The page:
In 1951, I joined a team negotiating a ‘reparations’ agreement between West Germany, Israel and the world’s largest Jewish organisations that were consolidated in a ‘Conference on Jewish Material Claims Against Germany’ (Claims Conference). After difficult negotiations in The Hague, Germany promised to compensate Nazi victims – Jews and non-Jews alike – for a complicated variety of losses. I set up an office in Bonn to work with legislators to be sure that Germany lived up to its promise. When the restitution and indemnification laws were enacted, every claim had to be verified by a complex administrative apparatus that put a strict burden of proof on every claimant. Jews were unwilling to turn to former Nazi lawyers for assistance. It was necessary to organize a non-profit United Restitution Organisation (URO) to assist needy claimants. It was probably the biggest legal aid society in the world with a combined staff exceeding 1,200 persons in 19 countries, including 250 screened German lawyers supervised by former Nazi victims.
Considering that there were no precedents for such programmes and that Germany was totally impoverished, it is gratifying that so many Nazi victims have received some measure of recompense. To the survivors, of course, no payment will ever be adequate, but the more than 100 billion DM (about 60 billion US dollars) already paid by the German government has made a significant difference in the lives of hundreds of thousands of persons, and the end is not yet in sight. (Nazi victims resident in communist countries, with which Germany had no diplomatic relations, received nothing.) In 1948, when I first started work on restitution of heirless property and in the following years when I pleaded for compensation and rehabilitation for survivors of prosecution, I felt like a voice in the legal wilderness. I could not foresee that in 1998, in Rome, the overwhelming majority of states would affirm, in the statute of a new International Criminal Court, that the victims of crimes against humanity were entitled to restitution, compensation and rehabilitation as a legal right.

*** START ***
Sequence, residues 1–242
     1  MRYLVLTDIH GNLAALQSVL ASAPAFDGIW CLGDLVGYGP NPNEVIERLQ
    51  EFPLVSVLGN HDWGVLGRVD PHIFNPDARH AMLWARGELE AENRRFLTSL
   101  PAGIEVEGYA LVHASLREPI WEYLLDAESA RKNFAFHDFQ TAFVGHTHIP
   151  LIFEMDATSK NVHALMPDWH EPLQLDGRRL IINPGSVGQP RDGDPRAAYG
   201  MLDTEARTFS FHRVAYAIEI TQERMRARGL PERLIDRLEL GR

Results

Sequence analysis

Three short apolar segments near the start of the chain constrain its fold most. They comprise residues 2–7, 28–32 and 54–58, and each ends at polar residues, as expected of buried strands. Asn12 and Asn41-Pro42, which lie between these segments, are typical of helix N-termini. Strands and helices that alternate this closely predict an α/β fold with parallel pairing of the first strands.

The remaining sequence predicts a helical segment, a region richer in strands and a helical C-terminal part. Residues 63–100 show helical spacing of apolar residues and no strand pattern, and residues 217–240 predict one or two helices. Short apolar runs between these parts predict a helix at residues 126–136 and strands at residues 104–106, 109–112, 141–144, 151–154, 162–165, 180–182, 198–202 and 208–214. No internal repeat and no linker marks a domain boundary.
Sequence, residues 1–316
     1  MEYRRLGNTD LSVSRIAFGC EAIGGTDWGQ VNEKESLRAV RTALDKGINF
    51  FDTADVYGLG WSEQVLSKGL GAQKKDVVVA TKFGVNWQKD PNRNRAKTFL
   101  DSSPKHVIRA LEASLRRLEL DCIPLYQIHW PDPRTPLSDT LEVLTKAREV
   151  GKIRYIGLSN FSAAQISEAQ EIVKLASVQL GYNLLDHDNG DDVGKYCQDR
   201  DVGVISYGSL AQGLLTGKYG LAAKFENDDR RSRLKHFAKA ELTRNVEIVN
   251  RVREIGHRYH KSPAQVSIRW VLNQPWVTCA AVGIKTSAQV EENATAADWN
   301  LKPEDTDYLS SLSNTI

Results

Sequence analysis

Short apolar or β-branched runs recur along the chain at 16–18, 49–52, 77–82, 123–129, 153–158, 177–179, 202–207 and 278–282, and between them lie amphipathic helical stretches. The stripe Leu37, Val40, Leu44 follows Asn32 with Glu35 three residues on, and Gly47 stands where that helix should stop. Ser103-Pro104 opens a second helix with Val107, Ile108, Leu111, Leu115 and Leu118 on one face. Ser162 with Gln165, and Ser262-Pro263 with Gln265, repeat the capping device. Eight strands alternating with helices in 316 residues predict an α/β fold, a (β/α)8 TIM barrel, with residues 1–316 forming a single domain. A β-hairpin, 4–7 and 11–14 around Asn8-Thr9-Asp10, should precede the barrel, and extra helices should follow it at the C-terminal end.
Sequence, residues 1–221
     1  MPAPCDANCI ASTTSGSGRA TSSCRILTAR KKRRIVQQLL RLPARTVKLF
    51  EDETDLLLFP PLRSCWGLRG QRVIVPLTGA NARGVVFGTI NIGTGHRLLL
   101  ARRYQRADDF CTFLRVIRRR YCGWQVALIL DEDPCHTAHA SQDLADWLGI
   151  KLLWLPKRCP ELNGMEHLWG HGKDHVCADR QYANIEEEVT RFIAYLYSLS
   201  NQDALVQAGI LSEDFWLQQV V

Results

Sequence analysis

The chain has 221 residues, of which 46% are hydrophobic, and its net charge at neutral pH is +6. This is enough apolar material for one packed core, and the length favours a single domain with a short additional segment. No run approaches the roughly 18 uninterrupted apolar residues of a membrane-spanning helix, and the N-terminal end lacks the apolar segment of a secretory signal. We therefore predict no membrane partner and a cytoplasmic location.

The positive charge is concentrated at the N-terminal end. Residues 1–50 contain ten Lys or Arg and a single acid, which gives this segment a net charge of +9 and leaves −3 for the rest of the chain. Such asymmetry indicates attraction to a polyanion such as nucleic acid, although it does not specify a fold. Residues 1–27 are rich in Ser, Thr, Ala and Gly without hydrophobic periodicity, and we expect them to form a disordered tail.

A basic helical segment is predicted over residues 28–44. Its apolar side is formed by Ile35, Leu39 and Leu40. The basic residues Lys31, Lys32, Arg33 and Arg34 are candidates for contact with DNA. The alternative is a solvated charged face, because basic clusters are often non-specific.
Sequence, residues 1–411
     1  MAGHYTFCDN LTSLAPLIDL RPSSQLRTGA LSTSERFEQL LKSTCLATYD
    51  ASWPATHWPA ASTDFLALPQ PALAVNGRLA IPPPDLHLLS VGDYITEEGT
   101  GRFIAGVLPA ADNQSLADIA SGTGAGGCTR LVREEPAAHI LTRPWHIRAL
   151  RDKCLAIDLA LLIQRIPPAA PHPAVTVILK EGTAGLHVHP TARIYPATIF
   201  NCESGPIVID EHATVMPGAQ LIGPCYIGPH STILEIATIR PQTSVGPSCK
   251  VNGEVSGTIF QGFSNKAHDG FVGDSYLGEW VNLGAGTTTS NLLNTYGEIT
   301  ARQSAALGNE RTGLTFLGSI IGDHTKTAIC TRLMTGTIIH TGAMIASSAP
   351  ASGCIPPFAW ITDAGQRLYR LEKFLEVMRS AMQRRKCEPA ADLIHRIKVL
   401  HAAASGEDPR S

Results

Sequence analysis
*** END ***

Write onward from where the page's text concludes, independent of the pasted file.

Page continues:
Establishing International Norms
In addition to the trial at Nuremberg, trials also took place in the other zones of occupied Germany as well as in countries that had been overrun by the German armies. These were basically consistent with the Nuremberg precedents and added to the growing body of international criminal law.
On the other side of the globe, General Douglas MacArthur, Supreme Commander for the Allied Powers in the Far East, guided by the IMT Charter, appointed tribunals to try Japanese leaders accused of aggression, war crimes and crimes against humanity. Many Japanese viewed these trials as hypocritical and more vengeance than justice – arguing that the US nuclear bombing of Hiroshima was a crime against humanity. A dissenting opinion by Tokyo Judge Pal of India (who would have acquitted all 28 defendants) maintained that all nations must share some responsibility for war and its inevitable consequences.
Further elaboration of norms to govern civilized society was taken up by the United Nations. The UN Charter expressed the determination of ‘We the peoples’ to ‘save succeeding generations from the scourge of war’. Its preamble stressed the need for justice and respect for international law. Shocked by the enormity of Nazi crimes revealed at Nuremberg, the Assembly, after affirming the validity of the Nuremberg Charter and Judgment, called for a convention to punish the crime of genocide. A draft Convention was quickly prepared in 1947 and the Secretariat, with the help of experts (Vespasian Pella, Donnedieu de Vabres and Raphael Lemkin) appended two versions of proposed statutes for an international criminal court. Appendix I contained 43 Articles and Appendix II had only 36. But nations were still not ready. How genocide was to be punished was left in Article 6 of the Convention to the jurisdiction of the state where the genocide took place or to such international penal tribunal as states might later accept.
UN committees were appointed to draft a Code of Crimes against the Peace and Security of Mankind as well as a new statute for an international criminal court to enforce the Code. After long debates, a statute for the court was submitted in 1951 (55 Articles) and revised in 1953 (54 Articles). But cold-war rivalries, coupled with mistrust and reluctance to yield sovereign rights to any new international institution, blocked effective action. It was argued that until there was agreement on a Code of Crimes there was no need for a criminal court to enforce it. Until there was agreement on the definition of aggression – ‘the supreme international crime’ – there could be no Code. The Code, the definition of aggression and the court were thus linked and conveniently put into the deep freeze by the cold war. The UN was stymied and the world went back to killing as usual.